LexInsight Blog

The Top 3 Factors That Will Determine What is a “Cryptocurrency”

Jun 25, 2018 4:00:00 AM / by Daniel D'Costa


What is a Cryptocurrency? Whether you’re one of the millions of investors who cashed out their savings to get into the Bitcoin buying frenzy with high hopes for exponential gains or a pessimistic spectator laughing as the price fluctuates thousands of dollars per day; it is unclear and speculative at best if anyone really knows what will happen to Bitcoin and cryptocurrencies in the near future.  The first step in forecasting any investment is to start with the basics and establish some type of foundational understanding. So, what is a cryptocurrency? Despite its name indicating an intention to operate as a form of currency, cryptocurrencies will probably operate more as a “security” than as a replacement to fiat currencies (e.g., U.S. Dollar).

The SEC Division of Investment Management acknowledged that cryptocurrencies can provide market benefits and that there is an overall interest to embrace technological innovation, however it[cryptocurrency] is not yet ready for mainstream exposure.  In order for cryptocurrencies to break through the brick and mortar walls of banking, it must first abolish its theoretical dreams of being an unregulated currency and accept being regulated by any or all regulatory bodies in a given jurisdiction. With respect to the United States laws and regulations, the clearest route to regulation is cryptocurrencies being defined as a “security” under the Securities Act of 1933. It will take some time before the Judiciary or Congress is able to clarify how a cryptocurrency operates as a as a security; however, let’s point out some issues we can expect will be points of discussions and forecast how they will probably be resolved:

  1. Price and Value: Actual valuation of digital assets is almost impossible to achieve. There is nothing underlying the cryptocurrencies themselves that the value can be based on.  Given the daily volatility, creation of forks at the creator’s whim, and a lack of any regulations, it will be difficult to distinguish the value. We can expect that a given cryptocurrency will be tied to some type of global pricing index that is free of any manipulation and has less fluctuations in value.  The concept of a global pricing index that is taken directly from the given cryptocurrencies ledger and then tied to an asset of value will be something the regulators and congress will probably explore.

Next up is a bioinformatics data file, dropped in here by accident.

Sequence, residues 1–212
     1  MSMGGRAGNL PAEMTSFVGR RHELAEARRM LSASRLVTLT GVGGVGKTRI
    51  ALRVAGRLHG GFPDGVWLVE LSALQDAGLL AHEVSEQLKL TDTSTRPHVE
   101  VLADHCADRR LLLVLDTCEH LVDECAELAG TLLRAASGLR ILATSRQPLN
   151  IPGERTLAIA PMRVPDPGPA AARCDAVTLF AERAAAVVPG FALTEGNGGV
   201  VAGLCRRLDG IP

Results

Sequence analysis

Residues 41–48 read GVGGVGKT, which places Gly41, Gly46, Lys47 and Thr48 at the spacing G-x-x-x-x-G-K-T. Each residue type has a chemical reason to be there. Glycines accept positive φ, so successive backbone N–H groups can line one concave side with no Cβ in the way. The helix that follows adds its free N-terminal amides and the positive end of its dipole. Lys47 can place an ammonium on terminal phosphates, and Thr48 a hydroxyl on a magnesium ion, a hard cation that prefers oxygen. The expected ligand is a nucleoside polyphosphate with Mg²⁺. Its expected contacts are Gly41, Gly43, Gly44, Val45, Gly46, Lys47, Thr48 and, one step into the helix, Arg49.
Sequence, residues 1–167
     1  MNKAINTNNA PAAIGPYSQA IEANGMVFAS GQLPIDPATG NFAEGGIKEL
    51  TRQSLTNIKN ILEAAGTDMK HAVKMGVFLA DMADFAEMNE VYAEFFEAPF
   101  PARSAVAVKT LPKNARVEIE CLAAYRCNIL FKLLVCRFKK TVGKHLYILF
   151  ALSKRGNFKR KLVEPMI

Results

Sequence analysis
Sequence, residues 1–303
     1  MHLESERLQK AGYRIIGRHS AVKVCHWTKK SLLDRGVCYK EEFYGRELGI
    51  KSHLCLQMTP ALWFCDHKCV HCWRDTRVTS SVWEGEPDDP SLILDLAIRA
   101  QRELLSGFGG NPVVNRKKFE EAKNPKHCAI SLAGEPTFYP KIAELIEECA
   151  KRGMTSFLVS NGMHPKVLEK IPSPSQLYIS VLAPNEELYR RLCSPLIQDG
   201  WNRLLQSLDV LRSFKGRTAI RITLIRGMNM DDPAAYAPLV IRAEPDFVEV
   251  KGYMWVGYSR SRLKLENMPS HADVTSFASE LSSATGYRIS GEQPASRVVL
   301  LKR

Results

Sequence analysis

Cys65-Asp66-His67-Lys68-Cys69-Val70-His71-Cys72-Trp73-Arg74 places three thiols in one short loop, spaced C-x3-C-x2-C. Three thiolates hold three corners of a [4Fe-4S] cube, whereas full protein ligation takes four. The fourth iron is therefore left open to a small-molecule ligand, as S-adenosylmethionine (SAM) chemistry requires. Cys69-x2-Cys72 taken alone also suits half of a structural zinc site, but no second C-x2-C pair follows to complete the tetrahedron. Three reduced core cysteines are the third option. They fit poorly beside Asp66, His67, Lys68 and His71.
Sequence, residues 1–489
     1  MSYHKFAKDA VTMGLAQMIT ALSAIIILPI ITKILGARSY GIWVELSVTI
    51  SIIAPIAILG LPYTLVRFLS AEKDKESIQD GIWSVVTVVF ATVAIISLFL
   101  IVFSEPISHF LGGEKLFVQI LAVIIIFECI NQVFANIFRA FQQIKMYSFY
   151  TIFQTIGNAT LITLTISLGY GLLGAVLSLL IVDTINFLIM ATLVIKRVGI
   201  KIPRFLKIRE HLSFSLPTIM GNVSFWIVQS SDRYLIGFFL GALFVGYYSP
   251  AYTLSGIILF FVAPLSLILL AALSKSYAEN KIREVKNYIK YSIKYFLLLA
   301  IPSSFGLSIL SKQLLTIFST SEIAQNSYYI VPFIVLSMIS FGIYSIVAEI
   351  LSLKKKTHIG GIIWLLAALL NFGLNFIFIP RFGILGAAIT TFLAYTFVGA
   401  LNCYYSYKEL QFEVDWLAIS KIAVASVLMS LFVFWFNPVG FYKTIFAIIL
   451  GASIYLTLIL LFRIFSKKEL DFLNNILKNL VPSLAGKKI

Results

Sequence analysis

2. Tokens: If cryptocurrencies are considered securities, then what will tokens be considered? The token market has boomed in the past few years with companies releasing tokens that represent the value of the underlying currency.  Therefore, one can argue that tokens are by definition “securities” since it represents an ownership interest in the cryptocurrency. However, the value of tokens is based on the value of the underlying cryptocurrency or in some cases the value of several cryptocurrencies. As stated in point one above, the price and value of cryptocurrencies is almost impossible to determine so putting a price tag on tokens is without any solid foundation.  As a result, we have seen token sellers and distributors become subject to heft regulatory fines and outright banned from practice due to fraud, manipulation, and a whole allotment of other SEC and FINRA violations.
  3. Compliance with other Security Regulations: Even if cryptocurrencies are deemed “securities” under the Securities Act of 1933, compliance with all the other financial regulatory rules will be extremely cumbersome. For example, if cryptocurrencies were traded like any other stock they may be subject to the new margin rules and custody requirements where custodians would be required to hold a certain percentage of digital assets as custody for a given trade.  Although cryptocurrencies allow for specific private “keys” that differentiate from one cryptocurrency to the next, it would be interesting to see how easily transferable these keys will be in more large-scale (millions of different key combinations operating simultaneously) transactions.

Until these questions and many others are resolved, it’s difficult to determine when cryptocurrencies will finally break into the market.  Despite the skepticism and ambiguity, it is abundantly clear the regulators do not want to end this journey.

Topics: News

Daniel D'Costa

Written by Daniel D'Costa

Attorney in the Derivatives & Structured Products Practice Group of a Am Law 100 Firm in New York City. Advise investment banks, domestic and foreign commercial banks, asset managers, hedge funds, private equity funds and mutual funds on related transactional and trading regulatory issues. Negotiate trading agreements, including ISDA, repo, securities lending, prime brokerage, custody, futures, cleared swaps, asset-backed securities and related agreements. Represent corporate clients in commercial lending and project finance transactions. Address issues arising under the federal securities and commodities laws and regulations, including the Securities Act of 1933, the Securities Exchange Act of 1934, the Investment Company Act of 1940 and the Investment Advisers Act of 1940, and the Commodity Exchange Act and related rules and regulations. Develop and execute a wide variety of hedge fund structured products (and their OTC counterparts), such as principal-protected notes, warrants, and certificates. Advise on related hedge fund financing transactions such as credit facilities, secured loans, and collateralized financial obligations. Research and advise on regulatory developments in digital currency and blockchain technology.